Cinque Terre Travel: Bad Luck, or Good Adventure?Dispatches from the Road, Italy, Studying Abroad — By Katie C on October 28, 2010 at 12:00 pm
I huddled with my friends in a corner of the Ventimiglia train station on the cold floor, waiting to be rescued. The station was dim. Clumps of people sat on the floor muttering to themselves. I glanced at the departure list, hoping for any updates but the word “soppresso” flashed menacingly across the screen. I was exhausted. My shoulders ached, my stomach rumbled, and my jeans were damp from the rain. Next to us, a homeless man mumbled obscenities and played Sodoku. This was not what I had in mind for an Italian vacation.
Cannes 48 hours earlier…
“We’re going to Italy!”
I was thrilled. Two friends and I had just scored train tickets to the Cinque Terre despite la grève, the ongoing national transportation strikes in France.
Many of my friends have been to the Cinque Terre before, and after hearing their stories and googling pictures, I decided I just had to go. And what better time than when I’m already in France with some open weekends? Things were looking good.
We got up early for our long trip of train transfers – we left the Cannes station and change trains in Monaco, Ventimiglia, and Genova. Immediately upon our arrival in Ventimiglia, we noticed everything was in Italian – definitely not French. None of us spoke a word of Italian, and our hodgepodge of English, French, and Spanish wasn’t going to cut it… the Italians we encountered only spoke broken English. As we headed for the exit to relax before our next train, a pack of chattering nuns squeezed us down the stairs. Welcome to Italy.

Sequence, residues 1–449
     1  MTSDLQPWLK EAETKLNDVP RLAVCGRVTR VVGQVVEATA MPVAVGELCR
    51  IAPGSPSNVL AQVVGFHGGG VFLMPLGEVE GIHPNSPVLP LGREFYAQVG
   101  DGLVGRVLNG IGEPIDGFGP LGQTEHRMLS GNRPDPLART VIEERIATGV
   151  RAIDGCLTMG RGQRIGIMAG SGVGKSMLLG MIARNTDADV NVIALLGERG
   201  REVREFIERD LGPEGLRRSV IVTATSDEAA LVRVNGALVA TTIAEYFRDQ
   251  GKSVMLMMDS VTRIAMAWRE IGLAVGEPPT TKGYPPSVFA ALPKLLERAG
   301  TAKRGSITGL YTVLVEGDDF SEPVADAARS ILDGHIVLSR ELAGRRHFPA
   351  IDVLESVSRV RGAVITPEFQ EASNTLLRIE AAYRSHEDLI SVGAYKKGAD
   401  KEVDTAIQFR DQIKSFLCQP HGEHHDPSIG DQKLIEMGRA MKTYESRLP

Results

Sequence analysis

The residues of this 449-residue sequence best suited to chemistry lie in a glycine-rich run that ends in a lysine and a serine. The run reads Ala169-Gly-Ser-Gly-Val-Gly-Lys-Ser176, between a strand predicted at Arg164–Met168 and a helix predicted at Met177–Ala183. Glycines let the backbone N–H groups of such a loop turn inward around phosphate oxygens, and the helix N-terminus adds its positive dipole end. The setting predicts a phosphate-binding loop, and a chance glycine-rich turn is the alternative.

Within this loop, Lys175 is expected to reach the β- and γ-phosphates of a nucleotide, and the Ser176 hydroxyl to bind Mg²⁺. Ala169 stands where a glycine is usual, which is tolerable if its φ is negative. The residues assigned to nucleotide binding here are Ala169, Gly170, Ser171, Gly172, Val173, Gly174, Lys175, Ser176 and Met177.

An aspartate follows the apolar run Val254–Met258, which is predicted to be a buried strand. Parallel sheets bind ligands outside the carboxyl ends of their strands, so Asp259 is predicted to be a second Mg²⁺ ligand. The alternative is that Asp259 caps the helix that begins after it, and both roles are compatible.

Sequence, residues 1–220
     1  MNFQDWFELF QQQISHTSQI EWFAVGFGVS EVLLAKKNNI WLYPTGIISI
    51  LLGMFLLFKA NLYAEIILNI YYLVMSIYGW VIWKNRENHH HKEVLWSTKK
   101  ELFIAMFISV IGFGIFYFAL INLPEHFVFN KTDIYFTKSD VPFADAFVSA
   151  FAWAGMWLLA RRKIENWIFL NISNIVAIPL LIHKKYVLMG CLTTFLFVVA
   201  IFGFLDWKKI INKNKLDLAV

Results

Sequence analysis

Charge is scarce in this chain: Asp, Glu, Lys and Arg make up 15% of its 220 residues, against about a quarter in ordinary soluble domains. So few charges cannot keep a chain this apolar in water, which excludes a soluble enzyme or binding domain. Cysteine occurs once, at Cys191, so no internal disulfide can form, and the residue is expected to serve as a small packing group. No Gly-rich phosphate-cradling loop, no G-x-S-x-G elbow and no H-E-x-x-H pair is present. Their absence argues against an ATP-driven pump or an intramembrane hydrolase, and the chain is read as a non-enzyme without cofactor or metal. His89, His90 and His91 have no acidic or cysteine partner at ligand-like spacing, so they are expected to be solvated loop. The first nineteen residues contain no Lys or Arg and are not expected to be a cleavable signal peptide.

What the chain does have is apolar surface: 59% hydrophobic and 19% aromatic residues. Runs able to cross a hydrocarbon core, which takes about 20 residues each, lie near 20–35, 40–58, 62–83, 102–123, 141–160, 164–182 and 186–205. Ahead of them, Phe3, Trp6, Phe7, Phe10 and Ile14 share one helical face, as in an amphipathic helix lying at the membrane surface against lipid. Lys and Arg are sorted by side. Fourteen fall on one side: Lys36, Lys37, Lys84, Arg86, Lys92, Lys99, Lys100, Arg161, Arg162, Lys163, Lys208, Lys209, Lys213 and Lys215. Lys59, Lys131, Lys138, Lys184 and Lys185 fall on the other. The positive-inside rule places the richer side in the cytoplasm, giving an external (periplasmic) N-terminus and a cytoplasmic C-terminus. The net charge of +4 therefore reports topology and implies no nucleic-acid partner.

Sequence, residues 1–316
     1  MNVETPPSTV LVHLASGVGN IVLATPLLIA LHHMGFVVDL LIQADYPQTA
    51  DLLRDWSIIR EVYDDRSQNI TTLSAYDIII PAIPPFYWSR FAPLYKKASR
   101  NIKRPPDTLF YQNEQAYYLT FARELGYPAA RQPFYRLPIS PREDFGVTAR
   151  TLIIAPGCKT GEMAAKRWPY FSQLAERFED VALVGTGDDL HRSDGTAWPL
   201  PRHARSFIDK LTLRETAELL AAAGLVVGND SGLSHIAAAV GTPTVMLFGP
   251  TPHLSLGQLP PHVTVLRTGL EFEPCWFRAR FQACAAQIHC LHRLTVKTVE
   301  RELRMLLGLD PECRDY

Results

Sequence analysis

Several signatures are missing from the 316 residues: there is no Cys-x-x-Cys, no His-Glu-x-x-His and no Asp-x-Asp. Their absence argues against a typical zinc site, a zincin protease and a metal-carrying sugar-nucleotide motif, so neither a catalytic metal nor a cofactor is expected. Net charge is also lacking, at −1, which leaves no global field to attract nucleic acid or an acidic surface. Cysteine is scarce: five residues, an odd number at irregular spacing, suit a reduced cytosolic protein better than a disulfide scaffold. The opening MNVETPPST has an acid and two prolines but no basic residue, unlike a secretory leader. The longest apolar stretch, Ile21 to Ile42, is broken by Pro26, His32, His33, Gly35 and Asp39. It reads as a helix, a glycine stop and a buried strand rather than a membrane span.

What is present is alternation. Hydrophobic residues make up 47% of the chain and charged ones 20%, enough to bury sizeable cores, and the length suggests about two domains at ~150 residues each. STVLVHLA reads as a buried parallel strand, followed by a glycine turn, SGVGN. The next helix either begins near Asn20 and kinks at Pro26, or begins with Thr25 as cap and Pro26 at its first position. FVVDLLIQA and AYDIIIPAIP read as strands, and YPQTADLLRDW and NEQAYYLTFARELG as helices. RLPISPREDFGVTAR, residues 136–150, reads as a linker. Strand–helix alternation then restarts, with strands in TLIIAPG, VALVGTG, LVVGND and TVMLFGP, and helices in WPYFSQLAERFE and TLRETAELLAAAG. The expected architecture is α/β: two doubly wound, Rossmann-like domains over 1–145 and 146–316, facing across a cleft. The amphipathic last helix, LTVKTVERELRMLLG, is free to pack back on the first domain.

Three hours and two trains later, we arrived in Monterosso al Mare…and it was raining. We were not prepared for this – I checked the weather earlier and it promised 60-degrees and sun with only 20% chance of rain. None of us brought rain jackets or umbrellas–our backpacks were stuffed with shorts and t-shirts. Hiking apparel for the mediterranean. Alas.
On the fifth and last train of the day, the 10-minute train to Corniglia, one of the workers came around to check tickets. He checked Alejandra’s, frowned, then started berating her sternly in Italian. He whipped out his ticket book. From what we gathered, we forgot to validate our tickets with a stamp –but we hadn’t seen any stamp machines. “This time you pay 5…next time you pay 50!” he said curtly, before we handed over the 15 euro. We were resentful but in no real position to argue. We were just happy to finally be in Corniglia. We stepped out into the rain and started to walk up the hill toward the town.